20. Elevated Seismic Activity Beneath the Slumbering Morne aux Diables Volcano, Northern Dominica and the Monitoring Role of the Seismic Research Centre

    NASA Astrophysics Data System (ADS)

    Watts, R. B.; Robertson, R. E.; Abraham, W.; Cole, P.; de Roche, T.; Edwards, S.; Higgins, M.; Johnson, M.; Joseph, E. P.; Latchman, J.; Lynch, L.; Nath, N.; Ramsingh, C.; Stewart, R. C.

    2012-12-01

    Since June 2009, periods of elevated seismic activity have been experienced around the flanks of Morne Aux Diables Volcano in northern Dominica. This long-dormant volcano is a complex of 7 andesitic lava domes with a central depression where a cold soufrière is evident. Prior to this activity, seismicity was very quiet except for a short period in 2000 and an intense short-lived swarm in April 2003. The most recent earthquake activity has been regularly felt by residents in villages on all flanks of the complex. In Dec 09/Jan10, scientists from the Seismic Research Centre (SRC), based in Trinidad & Tobago, in collaboration with staff of the Office of Disaster Management (ODM) and Dominica Public Seismic Network (DPSN) improved the monitoring capacity around this volcano from 1 to 7 seismic stations. Earthquakes are determined to be volcano-tectonic in nature and located at shallow depths (<4 km) beneath the central depression. Additionally, in Jan/Feb 10 geothermal sampling was undertaken and 2 permanent GPS sites were deployed. Public information leaflets prepared by SRC scientists using a "Question & Answer" format have been distributed to concerned citizens whilst many public meetings were carried out by ODM staff. Field investigations indicate that the previous Late Pleistocene activity of Morne Aux Diables switched from Pelèan dome growth and gravitational collapse to more explosive pumice-falls and associated ignimbrites, both styles forming extensive pyroclastic fans around the central complex. The town of Portsmouth is located on one of these fans ~5 km southwest of the central depression. Sporadic, short bursts of seismic activity continue at the time of writing.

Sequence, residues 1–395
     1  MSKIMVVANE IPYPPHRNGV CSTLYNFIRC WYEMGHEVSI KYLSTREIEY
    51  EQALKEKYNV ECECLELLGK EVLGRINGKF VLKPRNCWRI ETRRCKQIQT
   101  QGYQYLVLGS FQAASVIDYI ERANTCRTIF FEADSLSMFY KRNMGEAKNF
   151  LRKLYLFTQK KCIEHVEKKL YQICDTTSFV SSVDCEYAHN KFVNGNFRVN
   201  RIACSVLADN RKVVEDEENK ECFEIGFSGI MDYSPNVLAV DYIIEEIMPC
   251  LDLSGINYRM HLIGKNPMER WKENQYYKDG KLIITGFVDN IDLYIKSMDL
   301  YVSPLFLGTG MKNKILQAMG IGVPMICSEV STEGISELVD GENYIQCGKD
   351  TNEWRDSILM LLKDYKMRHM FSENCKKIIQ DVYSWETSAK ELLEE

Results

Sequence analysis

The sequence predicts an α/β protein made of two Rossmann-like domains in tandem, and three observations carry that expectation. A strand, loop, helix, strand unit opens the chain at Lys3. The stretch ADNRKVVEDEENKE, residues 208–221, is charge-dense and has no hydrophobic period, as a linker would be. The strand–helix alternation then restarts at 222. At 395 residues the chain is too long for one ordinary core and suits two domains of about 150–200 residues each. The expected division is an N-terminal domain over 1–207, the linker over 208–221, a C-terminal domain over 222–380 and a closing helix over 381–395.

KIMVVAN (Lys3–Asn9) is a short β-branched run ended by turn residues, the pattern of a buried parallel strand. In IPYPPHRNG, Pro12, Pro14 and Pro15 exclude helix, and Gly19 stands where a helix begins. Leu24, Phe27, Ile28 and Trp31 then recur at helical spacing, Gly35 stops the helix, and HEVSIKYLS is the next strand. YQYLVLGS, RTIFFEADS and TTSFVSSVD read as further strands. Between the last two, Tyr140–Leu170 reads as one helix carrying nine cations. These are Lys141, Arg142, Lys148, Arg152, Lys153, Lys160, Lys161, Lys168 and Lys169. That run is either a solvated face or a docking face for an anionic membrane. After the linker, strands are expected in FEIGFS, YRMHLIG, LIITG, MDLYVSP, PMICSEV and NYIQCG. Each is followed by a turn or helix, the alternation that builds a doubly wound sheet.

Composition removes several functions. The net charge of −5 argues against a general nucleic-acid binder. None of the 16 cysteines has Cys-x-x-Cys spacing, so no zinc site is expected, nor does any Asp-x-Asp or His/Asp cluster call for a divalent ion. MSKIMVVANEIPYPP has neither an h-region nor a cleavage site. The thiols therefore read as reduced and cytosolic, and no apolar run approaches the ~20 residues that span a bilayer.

1. Migrating swarms of brittle-failure earthquakes in the lower crust beneath Mammoth Mountain, California

    USGS Publications Warehouse

    Shelly, D.R.; Hill, D.P.

    2011-01-01

    Brittle-failure earthquakes in the lower crust, where high pressures and temperatures would typically promote ductile deformation, are relatively rare but occasionally observed beneath active volcanic centers. Where they occur, these earthquakes provide a rare opportunity to observe volcanic processes in the lower crust, such as fluid injection and migration, which may induce brittle faulting under these conditions. Here, we examine recent short-duration earthquake swarms deep beneath the southwestern margin of Long Valley Caldera, near Mammoth Mountain. We focus in particular on a swarm that occurred September 29-30, 2009. To maximally illuminate the spatial-temporal progression, we supplement catalog events by detecting additional small events with similar waveforms in the continuous data, achieving up to a 10-fold increase in the number of locatable events. We then relocate all events, using cross-correlation and a double-difference algorithm. We find that the 2009 swarm exhibits systematically decelerating upward migration, with hypocenters shallowing from 21 to 19 km depth over approximately 12 hours. This relatively high migration rate, combined with a modest maximum magnitude of 1.4 in this swarm, suggests the trigger might be ascending CO2 released from underlying magma.

  2. Influence of seismic processes and volcanic activity on the formation of disastrous floods

    NASA Astrophysics Data System (ADS)

    Trifonov, Dmitriy

    2014-05-01